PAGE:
Campus community mourns death of Bea Idema
The Grand Valley and West Michigan communities are celebrating the life of devoted philanthropist Beatrice “Bea” Idema, who died on February 3.
Bea and her late husband, Bill, were significant and loyal supporters of Grand Valley. Bea’s generosity played a major role in establishing the Mary Idema Pew Library Learning and Information Commons on the Allendale Campus. The library, named for her sister-in-law, opened in 2013 and is the academic heart of the university; it remains a national standard of excellence for university libraries.
“Bea was a role model for philanthropists and will continue to set the example for women who give in this community," said President Philomena V. Mantella. "She was always interested in Grand Valley students and the impact they would have on the future of our region. She had a spirit of giving that was truly special. Our hearts are with the Idema family and all those who loved Bea.”
Bea and Bill were passionate about giving to Grand Valley students. After Bill’s death in 2008, Bea established the William “Bill” Idema Physics Scholarship to assist students who were studying physics and demonstrated financial need. She also established the Beatrice “Bea” A. Idema Nursing Endowed Scholarship for nursing students, and created the Philip Peter Versluis Criminal Justice scholarship, named in honor of her brother-in-law, to assist legal studies and criminal justice students.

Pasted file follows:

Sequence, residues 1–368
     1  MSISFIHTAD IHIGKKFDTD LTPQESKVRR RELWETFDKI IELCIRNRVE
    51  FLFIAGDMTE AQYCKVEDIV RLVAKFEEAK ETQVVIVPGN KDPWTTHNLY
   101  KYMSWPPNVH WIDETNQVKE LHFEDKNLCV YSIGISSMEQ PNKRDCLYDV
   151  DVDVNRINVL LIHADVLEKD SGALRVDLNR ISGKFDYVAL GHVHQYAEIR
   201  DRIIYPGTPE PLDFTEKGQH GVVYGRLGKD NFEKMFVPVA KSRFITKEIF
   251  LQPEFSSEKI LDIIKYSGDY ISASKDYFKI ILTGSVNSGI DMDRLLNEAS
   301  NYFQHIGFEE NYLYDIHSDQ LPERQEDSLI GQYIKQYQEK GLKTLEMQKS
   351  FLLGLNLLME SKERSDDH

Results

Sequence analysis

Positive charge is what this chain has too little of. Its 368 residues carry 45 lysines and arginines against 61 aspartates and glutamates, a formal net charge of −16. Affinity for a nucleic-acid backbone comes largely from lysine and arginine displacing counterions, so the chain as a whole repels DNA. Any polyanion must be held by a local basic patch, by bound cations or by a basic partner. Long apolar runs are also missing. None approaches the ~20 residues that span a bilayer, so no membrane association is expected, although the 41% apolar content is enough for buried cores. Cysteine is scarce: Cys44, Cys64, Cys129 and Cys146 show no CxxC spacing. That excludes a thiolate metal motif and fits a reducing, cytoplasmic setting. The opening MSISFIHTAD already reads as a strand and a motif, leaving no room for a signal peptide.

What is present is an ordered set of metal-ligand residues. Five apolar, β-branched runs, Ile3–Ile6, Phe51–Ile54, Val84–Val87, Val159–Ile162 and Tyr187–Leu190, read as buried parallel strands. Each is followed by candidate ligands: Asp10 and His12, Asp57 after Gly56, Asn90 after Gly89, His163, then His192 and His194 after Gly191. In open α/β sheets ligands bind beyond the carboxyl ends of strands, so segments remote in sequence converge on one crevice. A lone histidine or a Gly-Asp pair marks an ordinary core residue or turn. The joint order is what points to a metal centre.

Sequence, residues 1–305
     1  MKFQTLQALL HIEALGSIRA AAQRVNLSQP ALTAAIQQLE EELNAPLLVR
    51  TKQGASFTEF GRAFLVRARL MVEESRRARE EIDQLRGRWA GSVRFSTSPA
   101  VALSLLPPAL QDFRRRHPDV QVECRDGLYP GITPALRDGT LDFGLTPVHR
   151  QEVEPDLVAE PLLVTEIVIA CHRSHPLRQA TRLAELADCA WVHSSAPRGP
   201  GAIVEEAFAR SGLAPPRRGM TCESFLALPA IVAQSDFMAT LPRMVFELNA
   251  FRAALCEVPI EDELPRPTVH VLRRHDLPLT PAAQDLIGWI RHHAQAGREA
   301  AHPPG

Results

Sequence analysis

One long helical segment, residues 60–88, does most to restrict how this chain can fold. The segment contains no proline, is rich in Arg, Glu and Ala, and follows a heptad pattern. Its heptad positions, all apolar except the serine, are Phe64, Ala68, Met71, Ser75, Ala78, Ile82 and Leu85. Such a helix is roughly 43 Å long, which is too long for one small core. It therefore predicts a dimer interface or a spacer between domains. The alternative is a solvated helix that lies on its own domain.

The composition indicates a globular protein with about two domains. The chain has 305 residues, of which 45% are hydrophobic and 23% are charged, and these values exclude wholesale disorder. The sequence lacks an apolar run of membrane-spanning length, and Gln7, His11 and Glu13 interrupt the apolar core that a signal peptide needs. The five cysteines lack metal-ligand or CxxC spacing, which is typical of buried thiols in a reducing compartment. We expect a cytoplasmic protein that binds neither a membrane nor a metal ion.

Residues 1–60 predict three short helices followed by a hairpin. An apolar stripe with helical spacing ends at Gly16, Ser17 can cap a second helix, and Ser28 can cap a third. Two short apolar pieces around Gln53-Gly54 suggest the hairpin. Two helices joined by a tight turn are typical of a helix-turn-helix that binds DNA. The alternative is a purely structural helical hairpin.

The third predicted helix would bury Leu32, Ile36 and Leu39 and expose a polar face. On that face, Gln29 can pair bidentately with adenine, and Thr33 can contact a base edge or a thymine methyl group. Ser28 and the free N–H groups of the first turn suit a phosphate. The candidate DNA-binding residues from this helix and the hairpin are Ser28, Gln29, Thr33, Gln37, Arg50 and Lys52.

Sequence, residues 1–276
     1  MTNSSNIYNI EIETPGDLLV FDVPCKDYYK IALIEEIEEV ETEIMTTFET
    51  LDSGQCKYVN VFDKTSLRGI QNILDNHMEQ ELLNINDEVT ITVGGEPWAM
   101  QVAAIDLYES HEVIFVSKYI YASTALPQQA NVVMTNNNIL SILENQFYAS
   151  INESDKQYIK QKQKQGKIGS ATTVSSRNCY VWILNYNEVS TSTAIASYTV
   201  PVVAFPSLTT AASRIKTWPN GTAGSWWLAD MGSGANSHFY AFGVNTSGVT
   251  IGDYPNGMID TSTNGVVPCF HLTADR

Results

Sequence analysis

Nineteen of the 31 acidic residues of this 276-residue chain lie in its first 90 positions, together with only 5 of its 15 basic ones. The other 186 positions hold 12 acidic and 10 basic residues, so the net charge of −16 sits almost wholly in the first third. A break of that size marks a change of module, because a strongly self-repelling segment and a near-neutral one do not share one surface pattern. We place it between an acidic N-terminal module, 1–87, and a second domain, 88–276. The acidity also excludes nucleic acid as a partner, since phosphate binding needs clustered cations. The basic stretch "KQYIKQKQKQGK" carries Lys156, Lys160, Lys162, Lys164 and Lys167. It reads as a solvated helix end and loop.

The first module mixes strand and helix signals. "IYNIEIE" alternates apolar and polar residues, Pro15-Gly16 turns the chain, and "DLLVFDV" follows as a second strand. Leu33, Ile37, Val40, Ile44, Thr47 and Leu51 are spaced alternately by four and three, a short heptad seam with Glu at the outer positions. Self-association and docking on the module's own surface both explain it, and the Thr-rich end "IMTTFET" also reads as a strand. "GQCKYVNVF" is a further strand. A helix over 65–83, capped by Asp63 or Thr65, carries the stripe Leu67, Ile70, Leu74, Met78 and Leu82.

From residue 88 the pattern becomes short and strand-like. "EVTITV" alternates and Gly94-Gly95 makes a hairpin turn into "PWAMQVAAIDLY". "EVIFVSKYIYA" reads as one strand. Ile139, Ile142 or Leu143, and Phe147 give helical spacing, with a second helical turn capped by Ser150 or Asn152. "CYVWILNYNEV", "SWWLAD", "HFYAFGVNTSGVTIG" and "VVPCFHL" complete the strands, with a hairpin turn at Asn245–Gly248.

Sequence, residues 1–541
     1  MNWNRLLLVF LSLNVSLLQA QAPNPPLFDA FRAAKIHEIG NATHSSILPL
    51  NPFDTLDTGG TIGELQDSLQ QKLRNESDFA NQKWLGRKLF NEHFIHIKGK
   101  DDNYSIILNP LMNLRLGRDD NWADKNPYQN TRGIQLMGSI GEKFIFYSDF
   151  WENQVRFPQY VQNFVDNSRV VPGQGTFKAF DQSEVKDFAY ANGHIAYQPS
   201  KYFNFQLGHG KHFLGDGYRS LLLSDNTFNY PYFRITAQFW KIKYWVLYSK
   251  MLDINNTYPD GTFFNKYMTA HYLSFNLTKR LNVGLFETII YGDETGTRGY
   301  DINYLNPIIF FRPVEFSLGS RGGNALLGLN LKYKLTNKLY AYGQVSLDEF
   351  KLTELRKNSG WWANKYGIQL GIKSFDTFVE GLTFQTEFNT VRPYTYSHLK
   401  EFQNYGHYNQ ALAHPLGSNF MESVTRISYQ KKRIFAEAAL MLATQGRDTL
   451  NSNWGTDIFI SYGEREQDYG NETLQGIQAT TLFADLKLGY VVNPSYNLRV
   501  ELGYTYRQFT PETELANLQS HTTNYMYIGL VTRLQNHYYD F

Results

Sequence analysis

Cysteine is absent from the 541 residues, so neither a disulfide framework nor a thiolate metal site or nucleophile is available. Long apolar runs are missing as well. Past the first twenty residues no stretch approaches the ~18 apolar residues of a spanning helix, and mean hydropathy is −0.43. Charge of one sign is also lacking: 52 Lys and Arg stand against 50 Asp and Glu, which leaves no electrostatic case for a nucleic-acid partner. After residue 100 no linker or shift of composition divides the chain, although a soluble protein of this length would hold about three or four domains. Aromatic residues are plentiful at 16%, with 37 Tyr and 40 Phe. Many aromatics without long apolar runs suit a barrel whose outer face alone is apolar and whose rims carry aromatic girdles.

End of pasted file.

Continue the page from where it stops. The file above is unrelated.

Over the years, the Idemas supported many projects, including the Grand Design campaign, which helped create the university’s Pew Grand Rapids Campus. They were also early supporters of the university’s Health Campus; a classroom is named in their honor in the Cook-DeVos Center for Health Sciences.
“The breadth of Bea’s giving has created opportunities for students in all majors," said Chris Plouff, interim provost and executive vice president for Academic and Student Affairs. "Every time I walk into the Mary Idema Pew Library and see the unique and creative activities happening there, I remember that donors like Bea made all of this possible. We are all better off because she cared.”
In 2013, Bea was honored by Grand Valley with its Enrichment Award and inducted into the university’s Hall of Fame. She was awarded an honorary doctor of public service degree from the university in 2015.
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